There are different types of annuities and they can each be held to different taxation rules. When someone obtains or purchases an annuity, they are often confused about what to expect from the IRS. With such complexities involving taxation, many annuitants make the wise decision to consult with a tax professional, so they can be sure they are paying appropriately.

Although annuities are meant to offer protection against income taxes, it is essential for individuals to understand that holding an annuity does not necessarily mean they will be able to receive payments or withdraw money without any tax implications. The main benefit of an annuity is the ability of the account to gain interest while remaining tax-free until funds are withdrawn.

Taxes will not be due on an annuity until payments are received or a lump sum is withdrawn. Withdrawals and any lump sum distributions are considered income by the Internal Revenue Service and they will be taxed as such. State taxes may also apply, depending on where you live.

Qualified or Non-Qualified?

When it comes to income taxes being owed on annuity payments or withdrawals, one of the most important things to consider is the type of annuity. A qualified annuity means the money used to open the account has never been taxed, such as with a 401(k). Those receiving payments or withdrawals from a qualified account are going to be taxed as if they received income.

Non-qualified annuities are annuities that were purchased after taxes were already taken out. The amount of taxes that are owed on this type of annuity will depend on the exclusion ratio. To figure the exclusion ratio, one must know the principal amount that was used to purchase the annuity, the amount of time the annuity has been held by the annuitant, and the interest earnings that have accrued since opening the annuity.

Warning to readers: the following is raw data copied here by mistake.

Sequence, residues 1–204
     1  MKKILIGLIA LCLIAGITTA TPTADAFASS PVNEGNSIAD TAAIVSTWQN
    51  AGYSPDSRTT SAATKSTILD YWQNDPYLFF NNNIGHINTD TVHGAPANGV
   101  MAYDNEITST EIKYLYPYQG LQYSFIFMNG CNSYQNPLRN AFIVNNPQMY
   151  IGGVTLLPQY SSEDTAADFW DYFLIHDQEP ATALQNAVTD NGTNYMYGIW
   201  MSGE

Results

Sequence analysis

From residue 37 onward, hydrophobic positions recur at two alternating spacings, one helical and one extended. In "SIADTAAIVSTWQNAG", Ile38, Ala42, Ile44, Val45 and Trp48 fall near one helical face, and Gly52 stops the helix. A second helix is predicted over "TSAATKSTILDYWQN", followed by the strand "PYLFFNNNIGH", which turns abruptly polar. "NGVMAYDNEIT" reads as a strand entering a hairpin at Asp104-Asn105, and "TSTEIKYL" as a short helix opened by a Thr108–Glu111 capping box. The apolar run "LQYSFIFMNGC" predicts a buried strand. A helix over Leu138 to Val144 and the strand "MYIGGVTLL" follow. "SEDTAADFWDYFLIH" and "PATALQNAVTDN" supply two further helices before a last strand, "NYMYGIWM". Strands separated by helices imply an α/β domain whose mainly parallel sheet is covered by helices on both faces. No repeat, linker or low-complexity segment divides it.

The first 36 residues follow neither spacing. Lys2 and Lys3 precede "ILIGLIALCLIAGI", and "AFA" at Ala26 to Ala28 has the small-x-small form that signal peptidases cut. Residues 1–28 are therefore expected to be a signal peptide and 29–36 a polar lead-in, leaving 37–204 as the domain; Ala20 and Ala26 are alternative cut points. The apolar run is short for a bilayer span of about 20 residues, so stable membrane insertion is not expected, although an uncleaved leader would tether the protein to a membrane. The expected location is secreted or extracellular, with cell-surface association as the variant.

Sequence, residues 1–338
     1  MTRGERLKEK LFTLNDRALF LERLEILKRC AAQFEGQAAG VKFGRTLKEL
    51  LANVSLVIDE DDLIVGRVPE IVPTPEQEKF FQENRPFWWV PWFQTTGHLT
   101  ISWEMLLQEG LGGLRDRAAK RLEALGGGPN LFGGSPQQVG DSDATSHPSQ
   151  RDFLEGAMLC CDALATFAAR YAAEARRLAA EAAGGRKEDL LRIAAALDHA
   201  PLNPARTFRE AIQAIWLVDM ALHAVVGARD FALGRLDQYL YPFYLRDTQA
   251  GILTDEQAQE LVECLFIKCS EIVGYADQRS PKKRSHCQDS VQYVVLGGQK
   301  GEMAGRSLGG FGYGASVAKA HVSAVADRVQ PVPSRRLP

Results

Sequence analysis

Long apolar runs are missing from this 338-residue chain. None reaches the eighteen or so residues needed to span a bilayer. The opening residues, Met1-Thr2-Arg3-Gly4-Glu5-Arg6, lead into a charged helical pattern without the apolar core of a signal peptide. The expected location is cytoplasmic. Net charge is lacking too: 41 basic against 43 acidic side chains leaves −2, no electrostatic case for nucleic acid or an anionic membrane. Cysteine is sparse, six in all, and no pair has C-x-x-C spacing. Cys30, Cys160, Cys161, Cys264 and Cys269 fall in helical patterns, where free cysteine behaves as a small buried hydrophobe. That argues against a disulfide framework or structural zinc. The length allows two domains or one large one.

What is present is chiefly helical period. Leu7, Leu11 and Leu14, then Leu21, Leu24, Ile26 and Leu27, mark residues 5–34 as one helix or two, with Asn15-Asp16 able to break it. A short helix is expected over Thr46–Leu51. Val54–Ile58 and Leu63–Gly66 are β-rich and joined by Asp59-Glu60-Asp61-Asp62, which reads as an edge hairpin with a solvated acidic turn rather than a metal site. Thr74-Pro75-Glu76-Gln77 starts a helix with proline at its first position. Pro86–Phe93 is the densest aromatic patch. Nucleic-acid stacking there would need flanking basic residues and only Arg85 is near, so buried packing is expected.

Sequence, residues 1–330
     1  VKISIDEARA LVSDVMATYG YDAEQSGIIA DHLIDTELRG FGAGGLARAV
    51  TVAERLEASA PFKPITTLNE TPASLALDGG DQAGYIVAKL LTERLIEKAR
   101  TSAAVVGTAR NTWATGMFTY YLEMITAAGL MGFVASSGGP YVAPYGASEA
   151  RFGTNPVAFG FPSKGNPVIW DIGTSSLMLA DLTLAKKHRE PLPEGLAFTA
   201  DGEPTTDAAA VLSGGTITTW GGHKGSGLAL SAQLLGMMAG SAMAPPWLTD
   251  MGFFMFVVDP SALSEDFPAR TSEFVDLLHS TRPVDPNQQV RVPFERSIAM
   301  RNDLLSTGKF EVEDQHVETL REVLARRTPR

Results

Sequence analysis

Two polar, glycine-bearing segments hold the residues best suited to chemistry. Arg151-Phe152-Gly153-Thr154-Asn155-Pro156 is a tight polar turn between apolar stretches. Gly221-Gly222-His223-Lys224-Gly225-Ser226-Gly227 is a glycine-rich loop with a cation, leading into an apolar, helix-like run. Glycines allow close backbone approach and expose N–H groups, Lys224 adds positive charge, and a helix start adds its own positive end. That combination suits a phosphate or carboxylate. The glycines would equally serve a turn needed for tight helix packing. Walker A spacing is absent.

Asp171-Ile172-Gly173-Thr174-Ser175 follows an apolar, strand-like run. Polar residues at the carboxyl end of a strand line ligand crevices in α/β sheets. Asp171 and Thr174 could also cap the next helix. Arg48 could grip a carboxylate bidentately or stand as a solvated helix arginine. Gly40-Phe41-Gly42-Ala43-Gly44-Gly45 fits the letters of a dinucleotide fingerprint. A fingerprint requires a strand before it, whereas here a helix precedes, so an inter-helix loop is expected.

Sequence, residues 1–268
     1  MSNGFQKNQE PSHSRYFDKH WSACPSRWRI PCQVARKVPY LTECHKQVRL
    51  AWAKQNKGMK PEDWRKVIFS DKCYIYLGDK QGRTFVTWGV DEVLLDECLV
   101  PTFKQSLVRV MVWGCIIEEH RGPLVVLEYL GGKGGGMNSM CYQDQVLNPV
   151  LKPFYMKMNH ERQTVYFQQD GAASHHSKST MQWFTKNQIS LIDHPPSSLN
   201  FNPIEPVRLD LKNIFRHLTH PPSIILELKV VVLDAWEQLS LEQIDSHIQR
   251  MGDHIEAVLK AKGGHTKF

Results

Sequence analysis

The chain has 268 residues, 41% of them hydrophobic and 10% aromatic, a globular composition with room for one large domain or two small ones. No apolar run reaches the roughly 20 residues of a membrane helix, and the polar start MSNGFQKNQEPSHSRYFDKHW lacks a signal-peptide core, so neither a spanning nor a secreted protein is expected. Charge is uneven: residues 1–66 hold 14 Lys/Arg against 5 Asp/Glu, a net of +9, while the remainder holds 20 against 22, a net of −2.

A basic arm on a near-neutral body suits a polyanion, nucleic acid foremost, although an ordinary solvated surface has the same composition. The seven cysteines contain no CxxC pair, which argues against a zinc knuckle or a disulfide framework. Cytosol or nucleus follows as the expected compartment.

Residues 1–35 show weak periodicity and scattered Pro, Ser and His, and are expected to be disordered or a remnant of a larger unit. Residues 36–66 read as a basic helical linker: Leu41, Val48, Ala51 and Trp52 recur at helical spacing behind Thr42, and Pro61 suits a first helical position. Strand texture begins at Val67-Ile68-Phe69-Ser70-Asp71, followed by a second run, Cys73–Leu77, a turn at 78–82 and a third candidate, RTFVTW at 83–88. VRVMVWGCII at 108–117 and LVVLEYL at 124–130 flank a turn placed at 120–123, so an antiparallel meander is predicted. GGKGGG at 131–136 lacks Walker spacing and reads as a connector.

Benefits of Owning an Annuity

There are many benefits to owning an annuity and more and more people are using them as an investment tool. The following are some of the benefits annuitants can expect when they begin to invest in an annuity.

  • Guaranteed future income
  • A sound alternative to the stock market
  • Predictable interest earnings
  • Can be passed on to heirs

Before investing in an annuity, it is important you understand the ins and outs of this investment tool, so you will be able to make the right decisions for your financial security needs.
If you do not feel confident purchasing an annuity on your own, you can gain assistance from a personal finance advisor who can help you understand what to expect and how to ensure you are getting the most for your money. With an annuity, your financial future can be made much more secure.